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If August was bad November was worse! 4 mantas killed by gill nets

Eventually after trying for a long time, the divers needed to go as the clients were getting sick on the boat and complaining. The mantas were too tangled to do anything underwater without cutting the nets, so the fishermen decided to pull the nets out of the water. Yara and Sarah stayed on the beach to try convince them to release the mantas, if they were still alive. The fishermen agreed to release the mantas in exchange of 200met per manta. Unfortunately the mantas had stayed in the nets for too long and they were too tangled, hurt and tired and despite showing a bit of movement they were almost dead. About 8 people together managed to turn one of the manta that were still breathing and put her back to the sea, but she was too heavy, tired and hurt, her wings were cut, her skin was red and she could barely move. There was not much anyone could do at this stage, the mantas and devil rays stayed tangled for too long struggling to free themselves - probably the whole night - and were too damaged to survive.  From those pulled out to the beach only a recently-born devil ray (about 13cm) was released alive. It was a very sad, frustrating and heart-breaking day for everyone trying to save these animals that suffered for probably over 10 hours.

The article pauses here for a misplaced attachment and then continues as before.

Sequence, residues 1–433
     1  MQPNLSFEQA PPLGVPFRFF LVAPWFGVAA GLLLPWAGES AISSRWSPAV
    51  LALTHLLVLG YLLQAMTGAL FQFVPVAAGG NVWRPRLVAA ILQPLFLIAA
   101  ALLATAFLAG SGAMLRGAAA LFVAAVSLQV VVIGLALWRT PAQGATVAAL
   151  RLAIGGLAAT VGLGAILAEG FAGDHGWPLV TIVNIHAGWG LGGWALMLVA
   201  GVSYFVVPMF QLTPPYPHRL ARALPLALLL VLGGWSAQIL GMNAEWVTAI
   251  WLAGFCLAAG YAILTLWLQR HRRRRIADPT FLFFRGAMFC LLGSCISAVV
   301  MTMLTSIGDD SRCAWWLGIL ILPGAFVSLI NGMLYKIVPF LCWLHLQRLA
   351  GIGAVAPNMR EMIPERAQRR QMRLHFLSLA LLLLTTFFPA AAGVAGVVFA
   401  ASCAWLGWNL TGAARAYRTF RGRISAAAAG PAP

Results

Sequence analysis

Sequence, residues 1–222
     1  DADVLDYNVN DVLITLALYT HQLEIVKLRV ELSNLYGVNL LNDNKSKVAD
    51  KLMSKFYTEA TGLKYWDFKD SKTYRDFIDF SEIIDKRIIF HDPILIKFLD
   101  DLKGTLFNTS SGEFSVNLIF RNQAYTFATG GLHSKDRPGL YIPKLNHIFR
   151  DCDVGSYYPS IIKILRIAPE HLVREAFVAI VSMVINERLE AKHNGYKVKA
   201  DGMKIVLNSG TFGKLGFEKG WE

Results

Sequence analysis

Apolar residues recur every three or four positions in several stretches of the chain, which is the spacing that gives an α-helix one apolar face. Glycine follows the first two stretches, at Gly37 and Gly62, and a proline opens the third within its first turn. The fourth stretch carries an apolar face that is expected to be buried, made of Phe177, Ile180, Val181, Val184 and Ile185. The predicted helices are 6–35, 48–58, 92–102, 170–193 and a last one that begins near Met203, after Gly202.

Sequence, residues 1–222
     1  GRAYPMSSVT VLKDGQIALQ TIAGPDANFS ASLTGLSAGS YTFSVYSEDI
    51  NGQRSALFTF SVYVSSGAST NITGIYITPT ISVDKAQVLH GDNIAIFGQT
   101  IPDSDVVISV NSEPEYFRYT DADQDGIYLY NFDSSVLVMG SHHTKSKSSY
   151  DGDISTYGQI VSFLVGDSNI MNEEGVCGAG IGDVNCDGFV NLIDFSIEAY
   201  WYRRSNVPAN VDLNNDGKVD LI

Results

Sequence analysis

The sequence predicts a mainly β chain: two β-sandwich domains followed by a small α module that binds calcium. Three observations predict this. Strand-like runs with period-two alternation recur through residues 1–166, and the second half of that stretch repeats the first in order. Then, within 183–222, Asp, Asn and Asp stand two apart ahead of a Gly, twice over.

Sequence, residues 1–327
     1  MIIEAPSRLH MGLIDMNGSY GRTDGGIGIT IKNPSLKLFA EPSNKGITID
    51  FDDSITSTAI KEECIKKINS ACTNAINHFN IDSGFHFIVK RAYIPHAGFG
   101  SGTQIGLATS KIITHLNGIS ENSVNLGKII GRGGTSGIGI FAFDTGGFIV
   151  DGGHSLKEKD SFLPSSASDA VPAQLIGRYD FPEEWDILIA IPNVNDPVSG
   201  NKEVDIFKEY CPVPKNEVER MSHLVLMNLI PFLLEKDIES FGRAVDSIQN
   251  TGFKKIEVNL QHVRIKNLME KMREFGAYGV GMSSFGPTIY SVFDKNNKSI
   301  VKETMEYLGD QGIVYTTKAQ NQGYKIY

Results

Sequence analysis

Some of the fishermen collaborated to try save the mantas while others joked around, jumping on top of one of the dead manta saying “meat, meat”.  Some 3 or 4 tourists were shocked by this behaviour and took pictures. After we could do no more, Yara explained the manta's spot-pattern, low reproduction rate, sex and so the fishermene. She asked one of the fishermen who was butchering a manta to turn it belly-up to identify it from it's spot-pattern. He said that it was too heavy that he needed help so Yara and 5 other fishermen turned it over. Then they started to look at the spot patterns and were amazed that each manta had different spots.  Some of them were very inquisitive about it and consequently a meeting for next Sunday has been arranged to explain more about the mantas and, perhaps, agree on an emergency plan for the next time that this happens. The meeting is booked for Sunday afternoon, we hope that it will happen and that something positive will come from this very tragic day.

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